Did you ever get in trouble for doodling on your school work when you were a kid? I certainly did! The funny thing is that no matter how many times I was reprimanded I couldn’t give it up. And today, I doodle just as much.
According to Wikipedia the definition of doodling is this:
“A doodle is an unfocused or unconcious drawing made while a person’s attention is otherwise occupied. Doodles are simple drawings that can have concrete representational meaning or may just be abstract shapes.”If I am at meeting or required to do any form of auditory learning, my compulsion to doodle is irresistible. My childhood impressed upon me that doodling was bad but recently I discovered otherwise:
According to a study published in the scientific journal Applied Cognitive Psychology, doodling can aid a person’s memory by expending just enough energy to keep one from daydreaming, which demands a lot of the brain’s processing power, as well as from not paying attention. Thus, it acts as a mediator between the spectrum of thinking too much or thinking too little and helps focus on the current situation. The study was done by Professor Jackie Andrade, of the School of Psychology at the University of Plymouth, who reported that doodlers in her experiment recalled 7.5 pieces of information (out of 16 total) on average, 29% more than the average of 5.8 recalled by the control group made of non-doodlers. (Thanks again Wikipedia!)In light of those statistics I say > DOODLE ON!!!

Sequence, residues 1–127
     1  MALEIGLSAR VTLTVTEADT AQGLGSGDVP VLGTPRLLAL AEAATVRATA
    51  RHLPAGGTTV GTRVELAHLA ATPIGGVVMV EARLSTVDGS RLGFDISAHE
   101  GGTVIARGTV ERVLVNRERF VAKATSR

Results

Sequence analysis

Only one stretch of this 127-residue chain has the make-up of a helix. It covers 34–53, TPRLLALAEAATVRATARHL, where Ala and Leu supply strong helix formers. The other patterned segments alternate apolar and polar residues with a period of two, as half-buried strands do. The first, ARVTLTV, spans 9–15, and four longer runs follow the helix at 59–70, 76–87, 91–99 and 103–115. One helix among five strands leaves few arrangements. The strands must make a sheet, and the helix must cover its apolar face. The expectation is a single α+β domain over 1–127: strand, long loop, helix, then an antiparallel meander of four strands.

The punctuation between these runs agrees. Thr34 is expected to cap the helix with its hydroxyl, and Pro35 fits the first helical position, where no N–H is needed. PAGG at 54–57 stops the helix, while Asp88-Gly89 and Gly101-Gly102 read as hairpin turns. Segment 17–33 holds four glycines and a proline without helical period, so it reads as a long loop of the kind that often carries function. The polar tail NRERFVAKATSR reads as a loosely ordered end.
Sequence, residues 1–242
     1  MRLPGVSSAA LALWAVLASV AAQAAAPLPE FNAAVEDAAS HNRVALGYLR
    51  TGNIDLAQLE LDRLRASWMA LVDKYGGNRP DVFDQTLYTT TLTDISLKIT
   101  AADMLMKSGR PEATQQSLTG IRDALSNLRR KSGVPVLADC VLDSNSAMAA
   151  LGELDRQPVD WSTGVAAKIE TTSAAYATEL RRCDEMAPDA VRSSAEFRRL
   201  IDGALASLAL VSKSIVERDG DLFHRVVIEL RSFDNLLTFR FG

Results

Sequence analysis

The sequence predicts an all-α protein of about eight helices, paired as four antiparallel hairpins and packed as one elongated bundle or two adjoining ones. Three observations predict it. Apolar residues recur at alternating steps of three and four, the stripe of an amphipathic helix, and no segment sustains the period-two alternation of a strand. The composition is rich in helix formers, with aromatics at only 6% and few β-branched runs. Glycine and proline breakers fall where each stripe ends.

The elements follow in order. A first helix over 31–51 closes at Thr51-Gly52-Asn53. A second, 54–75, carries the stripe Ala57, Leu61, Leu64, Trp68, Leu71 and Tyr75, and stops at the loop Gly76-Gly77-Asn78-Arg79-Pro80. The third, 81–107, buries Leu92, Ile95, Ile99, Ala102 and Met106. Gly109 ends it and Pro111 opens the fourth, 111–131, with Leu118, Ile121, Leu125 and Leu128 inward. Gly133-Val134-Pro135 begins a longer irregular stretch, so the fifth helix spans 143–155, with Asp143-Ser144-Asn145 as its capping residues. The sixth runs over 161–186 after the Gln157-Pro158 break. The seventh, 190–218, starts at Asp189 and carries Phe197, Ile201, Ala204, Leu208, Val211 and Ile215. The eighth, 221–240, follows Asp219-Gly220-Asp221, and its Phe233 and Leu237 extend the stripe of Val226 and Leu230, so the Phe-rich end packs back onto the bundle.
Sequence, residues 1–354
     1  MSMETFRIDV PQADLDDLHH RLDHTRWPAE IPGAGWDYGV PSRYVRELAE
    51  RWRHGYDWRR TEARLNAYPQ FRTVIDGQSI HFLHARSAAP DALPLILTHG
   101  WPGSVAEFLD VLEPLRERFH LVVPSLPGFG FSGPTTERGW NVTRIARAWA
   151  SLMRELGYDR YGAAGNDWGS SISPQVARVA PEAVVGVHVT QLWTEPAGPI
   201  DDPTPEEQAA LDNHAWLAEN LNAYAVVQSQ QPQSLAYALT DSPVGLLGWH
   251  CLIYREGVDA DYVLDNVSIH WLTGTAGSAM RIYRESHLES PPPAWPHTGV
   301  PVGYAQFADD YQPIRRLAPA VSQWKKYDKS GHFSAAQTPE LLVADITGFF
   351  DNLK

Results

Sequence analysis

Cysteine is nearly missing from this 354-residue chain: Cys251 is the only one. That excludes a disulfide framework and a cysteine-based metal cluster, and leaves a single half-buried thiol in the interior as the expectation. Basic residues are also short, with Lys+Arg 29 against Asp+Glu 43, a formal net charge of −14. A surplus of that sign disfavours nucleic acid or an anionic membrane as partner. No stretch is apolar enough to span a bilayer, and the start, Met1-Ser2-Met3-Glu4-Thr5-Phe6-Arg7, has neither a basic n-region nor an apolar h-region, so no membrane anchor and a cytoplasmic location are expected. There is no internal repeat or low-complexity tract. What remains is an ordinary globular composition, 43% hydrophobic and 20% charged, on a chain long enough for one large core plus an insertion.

I have long dreamed of illustrating children’s books. In my teens I would buy children’s books just so I could copy the illustrations and practice. Well… it took until I was almost 40 years old to make it happen but here I am and I am so very thankful!
I am grateful that I am living out one of my childhood dreams but MUCH greater than that I thankful for how this little publishing company fulfills another dream of mine; the opportunity to support, help and give to children. From the beginning of this company my partner, Trina Ayling, and I have written this “giving code” into the very fiber of our business. And although we are still only a baby company with limited resources we have tried hard to live by our “code”.
Quite honestly, I dream of having unlimited resources with which I could change the lives of children all over the world. In addition to that, I have a staggering number of other personal dreams as well! However, I think the immense needs of the world and the fear that comes in when pursuing dreams can sometimes steal the desire to do anything at all…
The other day I read this post >>> ‘Pencil in Hand’ on Talus Rock Retreat’s blog – this post and the quote included below totally spurred me on;
“Don’t fail to do something because you can’t do everything.” -Bob Pierce
The images attached here are actually drawings that I did many years ago when I was a kid – kinda fun to look back!